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As fast fashion brand Boohoo adds more failing high-street brands to its online portfolio, sector expert Kellyann McCafferty, Account Director for the Webhelp UK Region, takes the retail temperature and considers the way forward for beleaguered high street brands.
It’s no secret that the world of retail has been profoundly affected by the COVID-19 crisis, and the ripples have been felt across the sector with the demise of popular brands like Cath Kidston and Laura Ashley and the high profile store closures of industry stalwarts like Debenhams.
There were shockwaves again this week, with the announcement that digital fast fashion company Boohoo, was to add to its stable of brands with the acquisition of the online divisions of failing high street stores Oasis and Warehouse.
This news illustrates how the gap is quickly widening between traditional brick and mortar retail and the fortunes of purely (or primarily) online services, like Boohoo, Very.com and Freemans Grattan Holdings.
After initial concerns over supply chains, and a dip in March due to the lock down effect, unlike high-street stores, most online brands are now firmly back to business as usual, with Boohoo and The Very Group reporting growth in retail sales overall.
However, this hasn’t come easily, and the hidden building blocks to online success stories (like these) are early adoption of new technology and better business process services; including the creation of smooth customer interactions across all channels and excellent customer service management operations and systems.
At Webhelp, we guide our clients through this transformational journey, and as Webhelp UK CEO David Turner confirms, we believe that:
“Investment in technology infrastructure is absolutely critical. At Webhelp we have already made significant investments in our digital and automation capabilities to help clients improve customer experience and reduce costs using digital self-service, whilst leveraging technologies such as chatbots to reduce volumes of non-complex and low value interactions.”
And retail will have to adapt quickly, as it remains the single largest private sector employer in the UK, with 2.9 million people working the sector, and annual sales totalling a staggering £394bn. In 2019, online retail accounted for less than 20% of these sales, but the next financial year is likely to report a vastly different statistic.
Grocery retail has been cited as one of the big success stories during COVID, with high profile retailer’s like Asda and Sainsbury’s stepping up with feed the nation campaigns, and drastically increasing their online capabilities to support both everyday shoppers and vulnerable customers during the outbreak.
The big players in the consumer electrical markets, like Dixons Carphone, have also witnessed an upswing in online purchases, with everything from Smart TV’s, laptop’s, printers, desks to ovens, fridge freezers and washing machines, becoming hot commodities as people nested into their homes for both work and leisure.
However, the key questions will be, as the world comes out of lockdown, will our shopping behaviours have changed for good? And, what will this mean for both the economy and the future of the high-street? With revenues falling hard in May, the BRC – who are the go-to trade association for all UK retailers – warned that shops face a “fight for survival” in the coming months with tough new physical distancing and health and safety requirements.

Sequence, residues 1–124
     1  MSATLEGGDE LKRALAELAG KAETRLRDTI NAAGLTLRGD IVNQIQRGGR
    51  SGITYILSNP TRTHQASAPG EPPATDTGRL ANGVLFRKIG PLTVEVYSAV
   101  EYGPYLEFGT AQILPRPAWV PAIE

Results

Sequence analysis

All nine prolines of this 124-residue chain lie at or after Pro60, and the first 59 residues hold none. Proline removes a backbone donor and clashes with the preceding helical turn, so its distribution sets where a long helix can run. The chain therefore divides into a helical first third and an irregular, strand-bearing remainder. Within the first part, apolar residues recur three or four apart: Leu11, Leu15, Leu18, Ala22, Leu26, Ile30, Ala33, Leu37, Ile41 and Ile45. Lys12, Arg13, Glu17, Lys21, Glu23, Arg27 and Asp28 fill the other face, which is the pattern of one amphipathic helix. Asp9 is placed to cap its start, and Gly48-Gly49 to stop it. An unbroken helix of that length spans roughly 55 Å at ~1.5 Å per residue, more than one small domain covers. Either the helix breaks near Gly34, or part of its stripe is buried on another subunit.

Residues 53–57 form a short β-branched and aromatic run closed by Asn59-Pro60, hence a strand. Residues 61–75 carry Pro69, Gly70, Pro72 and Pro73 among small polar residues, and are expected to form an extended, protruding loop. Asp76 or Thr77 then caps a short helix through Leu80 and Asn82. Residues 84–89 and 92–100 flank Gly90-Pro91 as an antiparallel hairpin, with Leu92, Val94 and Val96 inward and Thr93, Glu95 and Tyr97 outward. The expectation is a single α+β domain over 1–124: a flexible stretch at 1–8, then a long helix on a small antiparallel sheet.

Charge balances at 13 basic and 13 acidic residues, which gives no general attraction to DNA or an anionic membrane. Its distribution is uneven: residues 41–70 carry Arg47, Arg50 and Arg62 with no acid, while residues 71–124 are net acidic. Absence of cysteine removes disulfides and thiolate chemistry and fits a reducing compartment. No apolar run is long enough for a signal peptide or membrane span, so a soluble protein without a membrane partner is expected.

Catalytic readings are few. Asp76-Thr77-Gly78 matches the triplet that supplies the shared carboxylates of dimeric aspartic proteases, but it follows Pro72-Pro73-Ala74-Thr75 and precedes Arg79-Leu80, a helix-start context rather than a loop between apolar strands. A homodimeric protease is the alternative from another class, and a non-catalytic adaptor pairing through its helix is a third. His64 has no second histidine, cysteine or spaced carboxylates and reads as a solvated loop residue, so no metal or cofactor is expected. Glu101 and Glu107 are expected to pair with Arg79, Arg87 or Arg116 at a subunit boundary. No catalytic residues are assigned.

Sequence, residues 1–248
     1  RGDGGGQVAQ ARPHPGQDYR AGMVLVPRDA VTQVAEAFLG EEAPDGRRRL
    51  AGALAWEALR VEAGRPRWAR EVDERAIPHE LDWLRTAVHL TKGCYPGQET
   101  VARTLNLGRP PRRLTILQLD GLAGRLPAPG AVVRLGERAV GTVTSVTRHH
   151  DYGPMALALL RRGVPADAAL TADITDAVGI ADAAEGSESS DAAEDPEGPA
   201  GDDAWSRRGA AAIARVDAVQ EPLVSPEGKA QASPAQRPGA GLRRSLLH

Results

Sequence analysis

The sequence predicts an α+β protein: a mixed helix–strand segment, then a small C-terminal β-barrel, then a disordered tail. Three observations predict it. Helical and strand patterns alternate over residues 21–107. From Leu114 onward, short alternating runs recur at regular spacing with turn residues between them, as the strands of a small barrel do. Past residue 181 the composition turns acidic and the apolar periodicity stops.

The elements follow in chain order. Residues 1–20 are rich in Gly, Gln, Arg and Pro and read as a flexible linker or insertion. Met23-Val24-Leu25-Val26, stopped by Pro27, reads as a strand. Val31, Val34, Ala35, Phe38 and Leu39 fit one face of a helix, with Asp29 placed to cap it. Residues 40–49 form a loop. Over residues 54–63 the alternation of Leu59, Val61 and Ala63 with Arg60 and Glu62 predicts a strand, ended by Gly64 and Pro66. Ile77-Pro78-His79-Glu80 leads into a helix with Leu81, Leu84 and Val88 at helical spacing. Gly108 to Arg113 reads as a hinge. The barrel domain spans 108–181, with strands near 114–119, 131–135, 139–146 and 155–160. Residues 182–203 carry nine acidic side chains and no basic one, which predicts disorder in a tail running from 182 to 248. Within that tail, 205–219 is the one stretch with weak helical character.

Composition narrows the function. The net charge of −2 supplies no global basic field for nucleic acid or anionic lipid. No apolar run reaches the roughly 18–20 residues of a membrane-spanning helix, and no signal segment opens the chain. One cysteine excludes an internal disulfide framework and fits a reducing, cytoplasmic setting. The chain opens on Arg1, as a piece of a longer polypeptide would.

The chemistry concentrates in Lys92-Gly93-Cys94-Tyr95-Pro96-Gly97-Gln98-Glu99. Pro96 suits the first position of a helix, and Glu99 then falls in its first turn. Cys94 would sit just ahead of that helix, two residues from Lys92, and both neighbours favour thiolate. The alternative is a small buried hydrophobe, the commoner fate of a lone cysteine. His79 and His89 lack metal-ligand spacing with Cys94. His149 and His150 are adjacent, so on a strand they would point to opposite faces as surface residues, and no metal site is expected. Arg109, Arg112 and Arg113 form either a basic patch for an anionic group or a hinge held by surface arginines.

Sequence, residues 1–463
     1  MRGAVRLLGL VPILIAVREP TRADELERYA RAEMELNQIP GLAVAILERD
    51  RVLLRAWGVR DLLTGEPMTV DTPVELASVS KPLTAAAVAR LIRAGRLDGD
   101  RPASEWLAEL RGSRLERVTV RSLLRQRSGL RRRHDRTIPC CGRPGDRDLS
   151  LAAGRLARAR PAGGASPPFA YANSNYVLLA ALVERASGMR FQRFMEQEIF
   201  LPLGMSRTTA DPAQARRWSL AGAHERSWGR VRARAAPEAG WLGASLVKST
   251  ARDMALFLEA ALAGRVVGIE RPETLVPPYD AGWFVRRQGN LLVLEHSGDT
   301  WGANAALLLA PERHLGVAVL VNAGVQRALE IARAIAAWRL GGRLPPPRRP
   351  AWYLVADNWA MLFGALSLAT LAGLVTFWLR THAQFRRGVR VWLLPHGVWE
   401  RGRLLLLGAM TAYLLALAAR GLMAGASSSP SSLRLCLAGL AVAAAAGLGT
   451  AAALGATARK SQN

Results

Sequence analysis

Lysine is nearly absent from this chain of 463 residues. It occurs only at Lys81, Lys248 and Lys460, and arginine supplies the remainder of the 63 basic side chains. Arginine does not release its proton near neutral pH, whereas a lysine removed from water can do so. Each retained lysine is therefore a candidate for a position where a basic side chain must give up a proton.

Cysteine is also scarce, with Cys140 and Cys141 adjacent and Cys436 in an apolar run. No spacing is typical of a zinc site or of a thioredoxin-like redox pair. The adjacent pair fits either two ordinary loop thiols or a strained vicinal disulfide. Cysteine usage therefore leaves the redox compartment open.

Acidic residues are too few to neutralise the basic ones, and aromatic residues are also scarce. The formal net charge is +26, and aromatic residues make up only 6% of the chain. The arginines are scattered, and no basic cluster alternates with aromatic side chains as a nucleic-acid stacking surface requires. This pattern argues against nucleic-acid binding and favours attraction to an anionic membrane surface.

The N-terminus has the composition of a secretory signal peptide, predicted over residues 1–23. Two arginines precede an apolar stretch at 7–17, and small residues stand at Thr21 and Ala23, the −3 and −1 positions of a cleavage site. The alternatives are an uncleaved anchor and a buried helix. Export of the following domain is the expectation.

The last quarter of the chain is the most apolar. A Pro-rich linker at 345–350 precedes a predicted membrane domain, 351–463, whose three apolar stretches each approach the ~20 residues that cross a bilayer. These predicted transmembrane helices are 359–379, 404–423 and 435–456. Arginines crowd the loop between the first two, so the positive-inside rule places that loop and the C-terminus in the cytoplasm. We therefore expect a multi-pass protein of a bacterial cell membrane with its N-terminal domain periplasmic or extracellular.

It was widely reported in April of this year, that sales had gone from £650m a month to zero for fast fashion brand Primark; however, it seems that we haven’t lost our appetite for a bargain, as huge queues were reported as the stores finally opened their doors again in England this week.
It is my belief that, while COVID-19 may have changed our online behaviour and will increase the amount we buy on line, the experience of shopping in a store environment is something that most people still enjoy. We may yet see a few more casualties, but the high-street will slowly recover.
The concept of experiential retail will continue to grow, with physical shopping becoming more of a leisure activity, like the restaurant industry, a focus for Instagram snaps and social clout.
However, we can’t ignore the fact that this crisis has given a very clear warning to big brands who have not yet embraced an omni-channel approach, as relying on a single channel for sales or customer service is now revealed as a very risky proposition.
At Webhelp we believe that customer experience providers should offer a responsive, flexible and robust approach, safeguarding their client’s business as their own, especially under crisis. Whilst always looking for new ways to use the best technology and people to future proof their operations.
We are working with our clients to share some of our innovative partnership approaches in future blogs, so watch this space for future updates. In the meantime, read our expert insight on the future of travel from international sector expert and Webhelp Global Director Nora Boros, or click here to get an in-depth view of our services.
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